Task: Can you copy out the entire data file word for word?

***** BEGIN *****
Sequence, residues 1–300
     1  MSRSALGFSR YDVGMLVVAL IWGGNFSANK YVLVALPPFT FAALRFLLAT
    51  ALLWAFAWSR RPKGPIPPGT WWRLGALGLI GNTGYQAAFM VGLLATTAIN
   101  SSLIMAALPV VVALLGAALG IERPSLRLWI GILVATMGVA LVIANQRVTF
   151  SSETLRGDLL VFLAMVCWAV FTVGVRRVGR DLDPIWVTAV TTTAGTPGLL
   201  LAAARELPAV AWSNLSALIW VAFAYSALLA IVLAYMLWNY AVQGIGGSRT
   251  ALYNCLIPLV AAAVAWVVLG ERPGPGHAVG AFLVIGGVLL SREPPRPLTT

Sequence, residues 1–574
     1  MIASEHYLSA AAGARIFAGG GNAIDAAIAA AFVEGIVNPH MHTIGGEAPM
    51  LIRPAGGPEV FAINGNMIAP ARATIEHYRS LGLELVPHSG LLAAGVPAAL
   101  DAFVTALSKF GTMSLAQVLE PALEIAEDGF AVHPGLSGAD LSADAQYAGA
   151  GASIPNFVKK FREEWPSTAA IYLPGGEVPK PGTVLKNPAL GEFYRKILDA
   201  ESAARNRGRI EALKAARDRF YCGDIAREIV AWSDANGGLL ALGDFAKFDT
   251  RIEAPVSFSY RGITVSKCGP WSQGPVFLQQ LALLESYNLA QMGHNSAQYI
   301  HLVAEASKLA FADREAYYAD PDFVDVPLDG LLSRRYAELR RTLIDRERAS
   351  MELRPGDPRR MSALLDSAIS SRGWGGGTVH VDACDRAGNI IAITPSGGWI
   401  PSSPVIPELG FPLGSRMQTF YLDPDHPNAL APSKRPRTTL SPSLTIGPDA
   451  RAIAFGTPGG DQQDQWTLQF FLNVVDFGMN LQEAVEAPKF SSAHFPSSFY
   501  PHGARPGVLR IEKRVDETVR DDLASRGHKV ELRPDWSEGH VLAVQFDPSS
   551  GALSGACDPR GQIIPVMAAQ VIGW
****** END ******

Sequence, residues 1–300
     1  MSRSALGFSR YDVGMLVVAL IWGGNFSANK YVLVALPPFT FAALRFLLAT
    51  ALLWAFAWSR RPKGPIPPGT WWRLGALGLI GNTGYQAAFM VGLLATTAIN
   101  SSLIMAALPV VVALLGAALG IERPSLRLWI GILVATMGVA LVIANQRVTF
   151  SSETLRGDLL VFLAMVCWAV FTVGVRRVGR DLDPIWVTAV TTTAGTPGLL
   201  LAAARELPAV AWSNLSALIW VAFAYSALLA IVLAYMLWNY AVQGIGGSRT
   251  ALYNCLIPLV AAAVAWVVLG ERPGPGHAVG AFLVIGGVLL SREPPRPLTT

Sequence, residues 1–574
     1  MIASEHYLSA AAGARIFAGG GNAIDAAIAA AFVEGIVNPH MHTIGGEAPM
    51  LIRPAGGPEV FAINGNMIAP ARATIEHYRS LGLELVPHSG LLAAGVPAAL
   101  DAFVTALSKF GTMSLAQVLE PALEIAEDGF AVHPGLSGAD LSADAQYAGA
   151  GASIPNFVKK FREEWPSTAA IYLPGGEVPK PGTVLKNPAL GEFYRKILDA
   201  ESAARNRGRI EALKAARDRF YCGDIAREIV AWSDANGGLL ALGDFAKFDT
   251  RIEAPVSFSY RGITVSKCGP WSQGPVFLQQ LALLESYNLA QMGHNSAQYI
   301  HLVAEASKLA FADREAYYAD PDFVDVPLDG LLSRRYAELR RTLIDRERAS
   351  MELRPGDPRR MSALLDSAIS SRGWGGGTVH VDACDRAGNI IAITPSGGWI
   401  PSSPVIPELG FPLGSRMQTF YLDPDHPNAL APSKRPRTTL SPSLTIGPDA
   451  RAIAFGTPGG DQQDQWTLQF FLNVVDFGMN LQEAVEAPKF SSAHFPSSFY
   501  PHGARPGVLR IEKRVDETVR DDLASRGHKV ELRPDWSEGH VLAVQFDPSS
   551  GALSGACDPR GQIIPVMAAQ VIGW